AMP Limited (AMP) sells personal and group life insurance, as well as disability and income protection insurance as part of their wealth management service.  They are really a wealth management company, with investment advisory services and non-casualty insurance products.  Their recent acquisition of the Australian and New Zealand operations from AXA Pacific Holdings positions them as the largest wealth manager/life insurer in both markets.  In a time when many Australians are more concerned about economic survival than wealth management, it is no wonder AMP has struggled.  Considering the growing number of baby boomer retirees in the offing, AMP is definitely worthy of a look as both a value play and a defensive play.  The following 2 year share price movement chart shows the stock was trending upward prior to the 2011 share market swan dive commencing in mid-year:

Suncorp Group Limited (SUN) can be considered a full service financial company, offering banking, general and life insurance, superannuation and funds management products and related investment advisory services to the retail, corporate and commercial sectors in both Australia and New Zealand.  Their exposure to catastrophic coverage is minimal but it is their exposure to bad loans in their banking division that concerns market participants.  Despite that fact, recent analyst recommendations from December 2011 to the present show 7 out of 8 analysts with BUY ratings on SUN.  While the company should expect growth from the retirement boom, their exposure to bad loan debt is problematic should the property market continue to unravel.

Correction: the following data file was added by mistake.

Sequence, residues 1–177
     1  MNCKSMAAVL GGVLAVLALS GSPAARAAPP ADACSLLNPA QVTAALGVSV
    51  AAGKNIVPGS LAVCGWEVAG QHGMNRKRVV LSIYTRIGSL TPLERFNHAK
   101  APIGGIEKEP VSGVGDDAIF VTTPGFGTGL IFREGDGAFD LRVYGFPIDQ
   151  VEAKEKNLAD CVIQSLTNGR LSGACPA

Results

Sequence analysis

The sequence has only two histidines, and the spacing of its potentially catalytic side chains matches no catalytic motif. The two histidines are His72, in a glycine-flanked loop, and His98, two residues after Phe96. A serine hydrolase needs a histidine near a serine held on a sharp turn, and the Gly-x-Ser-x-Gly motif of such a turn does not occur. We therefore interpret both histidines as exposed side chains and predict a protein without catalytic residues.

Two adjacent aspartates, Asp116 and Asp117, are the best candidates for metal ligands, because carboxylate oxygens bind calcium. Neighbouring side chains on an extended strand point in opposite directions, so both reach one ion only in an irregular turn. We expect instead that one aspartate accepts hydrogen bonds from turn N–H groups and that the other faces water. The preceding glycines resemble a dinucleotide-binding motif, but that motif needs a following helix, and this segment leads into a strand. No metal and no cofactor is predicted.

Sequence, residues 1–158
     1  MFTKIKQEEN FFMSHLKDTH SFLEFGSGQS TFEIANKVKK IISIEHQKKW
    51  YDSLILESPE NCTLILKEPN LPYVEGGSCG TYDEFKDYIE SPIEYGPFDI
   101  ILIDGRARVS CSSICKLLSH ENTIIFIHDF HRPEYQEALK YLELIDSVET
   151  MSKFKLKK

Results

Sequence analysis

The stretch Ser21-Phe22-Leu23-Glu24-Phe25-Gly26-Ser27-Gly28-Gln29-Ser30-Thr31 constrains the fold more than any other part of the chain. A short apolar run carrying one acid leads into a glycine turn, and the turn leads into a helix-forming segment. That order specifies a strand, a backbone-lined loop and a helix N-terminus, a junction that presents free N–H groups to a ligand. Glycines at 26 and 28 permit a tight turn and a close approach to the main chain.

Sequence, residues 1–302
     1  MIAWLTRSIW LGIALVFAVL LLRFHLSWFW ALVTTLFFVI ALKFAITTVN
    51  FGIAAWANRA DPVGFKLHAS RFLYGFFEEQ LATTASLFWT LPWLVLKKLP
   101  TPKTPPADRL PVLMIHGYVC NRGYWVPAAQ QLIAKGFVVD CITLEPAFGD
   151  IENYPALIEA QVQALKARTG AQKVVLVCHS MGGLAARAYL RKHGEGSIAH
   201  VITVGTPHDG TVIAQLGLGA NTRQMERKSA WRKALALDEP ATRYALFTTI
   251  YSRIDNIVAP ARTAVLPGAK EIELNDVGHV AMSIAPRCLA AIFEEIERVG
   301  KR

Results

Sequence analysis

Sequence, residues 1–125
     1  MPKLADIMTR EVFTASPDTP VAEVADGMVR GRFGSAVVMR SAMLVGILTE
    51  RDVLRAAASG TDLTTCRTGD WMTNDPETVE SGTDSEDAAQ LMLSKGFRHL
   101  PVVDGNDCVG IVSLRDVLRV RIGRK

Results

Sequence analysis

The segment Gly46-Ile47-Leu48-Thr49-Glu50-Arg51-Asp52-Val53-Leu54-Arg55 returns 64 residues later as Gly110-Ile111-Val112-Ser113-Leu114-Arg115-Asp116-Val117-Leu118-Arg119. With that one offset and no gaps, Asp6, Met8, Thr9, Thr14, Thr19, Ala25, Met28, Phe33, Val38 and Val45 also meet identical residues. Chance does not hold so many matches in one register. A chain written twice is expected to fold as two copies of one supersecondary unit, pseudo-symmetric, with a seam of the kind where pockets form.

Insurance Australia Group (IAG) is a provider of a wide range of general insurance products in Australia, New Zealand, the United Kingdom, and Asia.  They have substantial exposure to catastrophic loss and their net loss ratio in 2011 was 70.3%, down slightly from 71.8% a year ago.  Recent expansion into Malaysia and Viet Nam gave the struggling share price an upward bump.